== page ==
We know that working together, you will help to create a better future for us all, a new common good. I have already seen you at work doing just this.

When I arrived here, I asked to be shown Dickinson’s community involvement programs: I was presented with 22 pages of them! You have been teaching children, writing business plans, improving the sustainability of the environment, feeding the poor, enriching the cultural life of our community. You have learned and you have been empowered with that new knowledge, you have taken responsibility and you have acted.

So, let me pass on to you some encouragement from one of my own great heroes, Eleanor Roosevelt: “In the long run there is no more liberating, no more exhilarating experience than to determine one’s position, state it bravely, and then act boldly. Action brings with it its own courage, its own energy, a growth of self-confidence that can be acquired in no other way.”

Seniors—determine your positions, state them bravely and then act boldly. Today’s ceremony and Commencement weekend are not only about celebration of the conclusion of your undergraduate careers, but reflection about who you were, who you have become, where your Dickinson journey has taken you—with all of its twists and turns. It is also a time for you to reflect upon the people who have crossed your path, who have made a difference in your life and on this campus. Legacy Watkins is one of those people.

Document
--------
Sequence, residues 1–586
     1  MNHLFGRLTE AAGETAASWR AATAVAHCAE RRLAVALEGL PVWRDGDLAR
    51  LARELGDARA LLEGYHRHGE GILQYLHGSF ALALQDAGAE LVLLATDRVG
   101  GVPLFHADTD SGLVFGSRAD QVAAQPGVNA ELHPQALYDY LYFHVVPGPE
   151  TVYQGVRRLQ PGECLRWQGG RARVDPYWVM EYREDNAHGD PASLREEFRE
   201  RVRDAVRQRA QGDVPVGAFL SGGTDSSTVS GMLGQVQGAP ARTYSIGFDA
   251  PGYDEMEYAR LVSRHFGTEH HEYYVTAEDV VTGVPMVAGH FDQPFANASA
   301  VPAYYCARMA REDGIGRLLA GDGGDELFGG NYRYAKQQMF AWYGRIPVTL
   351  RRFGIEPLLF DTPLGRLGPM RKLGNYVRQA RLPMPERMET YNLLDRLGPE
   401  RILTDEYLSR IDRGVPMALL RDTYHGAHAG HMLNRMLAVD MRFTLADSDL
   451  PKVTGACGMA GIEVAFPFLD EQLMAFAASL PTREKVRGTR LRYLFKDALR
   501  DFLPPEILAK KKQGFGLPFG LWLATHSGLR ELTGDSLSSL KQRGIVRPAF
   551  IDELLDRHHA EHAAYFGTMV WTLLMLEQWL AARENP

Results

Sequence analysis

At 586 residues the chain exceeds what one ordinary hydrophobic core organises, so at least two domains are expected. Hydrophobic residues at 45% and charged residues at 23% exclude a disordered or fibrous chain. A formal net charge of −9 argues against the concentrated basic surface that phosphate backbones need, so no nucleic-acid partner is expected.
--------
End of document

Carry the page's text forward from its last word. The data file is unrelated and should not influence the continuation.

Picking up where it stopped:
Legacy’s passing was a profound loss for our students and campus—she was beloved by many and though I did not know her personally, I am touched by the stories and memories that have been shared with me.

Legacy was, quite simply, one of a kind. Her friendships transcended social groups or divisions—her intellectual pursuits extended beyond the boundaries of the Africana Studies program.